Scribe Resume Example & Writing Guide

Use this Scribe resume example and guide to improve your career and write a powerful resume that will separate you from the competition.

Scribes are writers who work with little or no oversight, so they’re able to do their best work when they’re free to follow their own creative instincts. Scribes are often highly detail-oriented and meticulous when it comes to accuracy. They’re also great communicators, able to clearly and concisely convey information to their readers.

If you’re searching for a new job as a scribe or just want to build up your resume with some relevant experience, here are some tips and an example for you to follow when writing your own resume.

Jennifer Thomas
Los Angeles, CA | (123) 456-7891 | [email protected]

Experienced and highly skilled scribe with a passion for helping people. Skilled in taking detailed notes during meetings, interviews, and other professional interactions. Offers strong technical skills and the ability to capture complex information in an easy-to-read format.

Oakland Technical High School Jun '10
High School Diploma
Company A, Scribe Jan '17 – Current
  • Recorded and transcribed audio-recorded interviews, focus groups, or meetings in a clear and accurate manner.
  • Edited recordings to remove non-verbal sounds such as ums and ahs, false starts, stutters, etc., leaving only the content of interest for transcription.
  • Transcribed recorded material into written form using computer software (e.g., Audacity).
  • Proofread transcripts for accuracy before delivery to clients and/or researchers involved with projects.
  • Assisted with other research tasks when needed including data entry, copying documents, mailing materials, etc..
Company B, Scribe Jan '12 – Dec '16
  • Created a database of all patients and their medical history, which helped the team to better understand each patient’s needs
  • Transcribed physician notes into an electronic health record system in compliance with HIPAA regulations
  • Maintained accurate records for billing purposes by verifying insurance information and documenting co-pay amounts
  • Ensured that physicians’ orders were carried out properly by communicating instructions clearly and concisely
  • Followed up on test results and prescriptions to ensure that patients received proper care
Company C, Proofreader Jan '09 – Dec '11
  • Reviewed documents for spelling, grammar, and typographical errors.
  • Checked for consistency in use of terms, numbering, and format.
  • Ensured that documents adhere to the client’s or publication’s style guide.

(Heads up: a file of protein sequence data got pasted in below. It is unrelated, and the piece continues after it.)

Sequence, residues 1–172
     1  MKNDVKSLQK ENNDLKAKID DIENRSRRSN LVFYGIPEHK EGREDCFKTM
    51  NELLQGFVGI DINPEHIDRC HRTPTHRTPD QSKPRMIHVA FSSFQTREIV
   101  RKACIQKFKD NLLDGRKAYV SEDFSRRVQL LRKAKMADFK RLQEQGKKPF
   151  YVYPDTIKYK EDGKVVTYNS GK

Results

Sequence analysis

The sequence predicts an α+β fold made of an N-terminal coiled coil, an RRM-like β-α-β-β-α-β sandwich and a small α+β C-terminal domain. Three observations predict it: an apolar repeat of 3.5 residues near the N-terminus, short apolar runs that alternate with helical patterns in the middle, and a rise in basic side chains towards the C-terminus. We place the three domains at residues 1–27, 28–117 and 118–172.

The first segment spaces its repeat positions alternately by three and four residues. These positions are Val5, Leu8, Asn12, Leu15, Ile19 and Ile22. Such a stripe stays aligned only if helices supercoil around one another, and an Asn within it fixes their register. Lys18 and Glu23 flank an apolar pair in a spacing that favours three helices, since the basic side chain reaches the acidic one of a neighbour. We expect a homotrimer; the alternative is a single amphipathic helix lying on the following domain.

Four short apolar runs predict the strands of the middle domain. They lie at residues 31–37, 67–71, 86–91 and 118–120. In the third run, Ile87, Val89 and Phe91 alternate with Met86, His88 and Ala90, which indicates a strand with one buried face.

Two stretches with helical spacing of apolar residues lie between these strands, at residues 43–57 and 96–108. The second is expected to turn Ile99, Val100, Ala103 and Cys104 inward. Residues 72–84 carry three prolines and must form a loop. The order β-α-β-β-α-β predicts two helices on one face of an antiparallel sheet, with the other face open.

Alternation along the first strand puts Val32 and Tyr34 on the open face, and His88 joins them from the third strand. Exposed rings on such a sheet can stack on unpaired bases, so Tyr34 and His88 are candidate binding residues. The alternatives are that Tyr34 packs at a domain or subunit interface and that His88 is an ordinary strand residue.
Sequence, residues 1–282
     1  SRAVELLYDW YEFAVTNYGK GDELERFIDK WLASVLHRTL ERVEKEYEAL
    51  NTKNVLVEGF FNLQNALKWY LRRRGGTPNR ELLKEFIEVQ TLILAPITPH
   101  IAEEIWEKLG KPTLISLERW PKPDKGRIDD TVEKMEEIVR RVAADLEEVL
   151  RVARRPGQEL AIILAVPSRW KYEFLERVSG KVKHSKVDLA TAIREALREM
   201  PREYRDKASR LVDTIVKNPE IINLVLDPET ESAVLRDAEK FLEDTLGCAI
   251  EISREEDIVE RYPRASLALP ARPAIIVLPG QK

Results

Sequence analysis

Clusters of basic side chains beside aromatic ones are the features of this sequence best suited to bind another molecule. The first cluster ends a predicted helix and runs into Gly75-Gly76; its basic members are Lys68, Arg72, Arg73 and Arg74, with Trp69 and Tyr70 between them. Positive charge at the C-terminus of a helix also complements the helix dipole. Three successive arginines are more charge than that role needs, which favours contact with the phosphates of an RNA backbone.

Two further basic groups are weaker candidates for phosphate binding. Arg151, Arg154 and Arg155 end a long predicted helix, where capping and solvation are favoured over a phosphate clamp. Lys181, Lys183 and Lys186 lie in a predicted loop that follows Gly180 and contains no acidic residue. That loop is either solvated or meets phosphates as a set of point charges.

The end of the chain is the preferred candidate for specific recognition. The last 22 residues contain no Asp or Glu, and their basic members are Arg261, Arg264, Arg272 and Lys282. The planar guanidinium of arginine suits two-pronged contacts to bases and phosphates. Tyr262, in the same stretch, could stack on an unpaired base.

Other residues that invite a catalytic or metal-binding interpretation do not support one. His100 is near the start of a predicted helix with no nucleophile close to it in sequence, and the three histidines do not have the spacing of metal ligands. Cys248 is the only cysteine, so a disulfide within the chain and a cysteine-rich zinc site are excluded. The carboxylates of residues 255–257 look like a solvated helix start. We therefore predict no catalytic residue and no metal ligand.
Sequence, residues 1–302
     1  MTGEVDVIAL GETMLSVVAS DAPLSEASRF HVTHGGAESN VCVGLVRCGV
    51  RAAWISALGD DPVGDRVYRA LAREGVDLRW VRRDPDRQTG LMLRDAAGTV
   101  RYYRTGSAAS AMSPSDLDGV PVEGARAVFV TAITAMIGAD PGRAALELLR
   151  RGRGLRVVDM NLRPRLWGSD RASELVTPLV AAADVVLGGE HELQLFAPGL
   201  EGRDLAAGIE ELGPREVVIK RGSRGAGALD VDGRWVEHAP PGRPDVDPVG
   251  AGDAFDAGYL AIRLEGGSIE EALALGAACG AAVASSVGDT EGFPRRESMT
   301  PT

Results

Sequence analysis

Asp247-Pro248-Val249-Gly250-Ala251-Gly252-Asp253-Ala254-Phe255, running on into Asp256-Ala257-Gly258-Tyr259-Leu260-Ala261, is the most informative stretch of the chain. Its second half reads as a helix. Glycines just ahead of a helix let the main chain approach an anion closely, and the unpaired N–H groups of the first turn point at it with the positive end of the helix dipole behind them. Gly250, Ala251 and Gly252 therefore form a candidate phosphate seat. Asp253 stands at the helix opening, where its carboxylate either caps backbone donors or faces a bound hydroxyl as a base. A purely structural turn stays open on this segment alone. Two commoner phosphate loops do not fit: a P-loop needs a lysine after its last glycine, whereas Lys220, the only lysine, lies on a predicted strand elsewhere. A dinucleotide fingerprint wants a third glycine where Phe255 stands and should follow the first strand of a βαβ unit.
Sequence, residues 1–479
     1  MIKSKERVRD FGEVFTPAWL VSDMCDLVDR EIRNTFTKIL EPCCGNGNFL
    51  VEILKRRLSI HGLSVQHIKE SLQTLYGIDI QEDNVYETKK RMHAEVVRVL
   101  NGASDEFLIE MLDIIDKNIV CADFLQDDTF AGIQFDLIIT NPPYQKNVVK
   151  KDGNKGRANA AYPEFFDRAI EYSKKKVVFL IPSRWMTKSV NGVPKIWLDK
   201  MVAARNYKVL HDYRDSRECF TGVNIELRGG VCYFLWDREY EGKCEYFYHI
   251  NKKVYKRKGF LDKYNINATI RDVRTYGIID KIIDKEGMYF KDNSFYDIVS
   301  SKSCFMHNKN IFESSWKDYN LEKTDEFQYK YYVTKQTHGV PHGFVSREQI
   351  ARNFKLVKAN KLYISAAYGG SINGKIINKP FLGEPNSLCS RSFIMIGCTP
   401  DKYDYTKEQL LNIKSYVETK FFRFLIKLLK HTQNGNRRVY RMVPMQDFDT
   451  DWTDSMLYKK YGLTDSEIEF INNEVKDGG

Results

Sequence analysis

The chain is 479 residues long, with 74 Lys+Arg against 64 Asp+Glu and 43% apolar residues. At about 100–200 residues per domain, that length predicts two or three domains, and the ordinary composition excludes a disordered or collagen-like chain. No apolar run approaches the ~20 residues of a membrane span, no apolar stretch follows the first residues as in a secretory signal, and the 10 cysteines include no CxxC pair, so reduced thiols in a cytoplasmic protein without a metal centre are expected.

• Certified Medical Scribe
  • Certified Electronic Health Record Specialist

Industry Knowledge: Creative Writing, Editing, Content Management, Public Relations
Technical Skills: Adobe Photoshop, Adobe Illustrator, Adobe InDesign, Microsoft Office Suite, WordPress
Soft Skills: Communication, Creativity, Attention to Detail, Time Management, Research

How to Write a Scribe Resume

Here’s how to write a scribe resume of your own.

Write Compelling Bullet Points

Bullet points are the most effective way to showcase your experience and qualifications. But rather than simply listing your responsibilities, you can make your bullet points much more interesting and compelling by using specific details and metrics.

For example, rather than saying you “managed team of 10 writers,” you could say you “managed team of 10 writers, achieving 100% on-time delivery rate for quarterly reports while maintaining a 0.5% error rate on all projects.”

The second bullet point paints a much clearer picture of what exactly your role entailed and how you contributed to the company. It also provides specific numbers to demonstrate your impact.

Identify and Include Relevant Keywords

When you submit your resume online, it’s likely that it will be scanned by an applicant tracking system (ATS) for certain keywords related to the job you’re applying for. ATS programs look for certain keywords in order to determine whether or not your skills and experience are a match for the job opening. If your resume doesn’t have enough of the right keywords, the ATS might disqualify your application.

The best way to make sure your resume makes it past the ATS is to include relevant keywords throughout all sections of your document. Here are some of the most commonly used keywords for scribe positions:

  • Medicine
  • Healthcare
  • Medical Writing
  • Hospitals
  • Nursing
  • Healthcare Management
  • Electronic Medical Record (EMR)
  • Healthcare Information Technology (HIT)
  • Public Health
  • Radiology
  • U.S. Health Insurance Portability and Accountability Act (HIPAA)
  • Healthcare Information Management (HIM)
  • Research
  • Public Speaking
  • Writing
  • Teamwork
  • Patient Safety
  • Microsoft Access
  • Patient Advocacy
  • Organization Skills
  • Clinical Research
  • Biotechnology
  • Chemistry
  • Molecular Biology
  • DNA Sequencing
  • R&D
  • Intellectual Property
  • Cell Culture
  • Laboratory Skills
  • Cell Biology

Showcase Your Technical Skills

There are a number of programs and systems that scribes use on a daily basis to document patient encounters. Being proficient in the use of these programs and systems is essential to the job. Some of the most commonly used programs are the electronic health records (EHR) system, the patient information system, and the dictation system. Scribes also need to be familiar with medical terminology and the anatomy of the human body.


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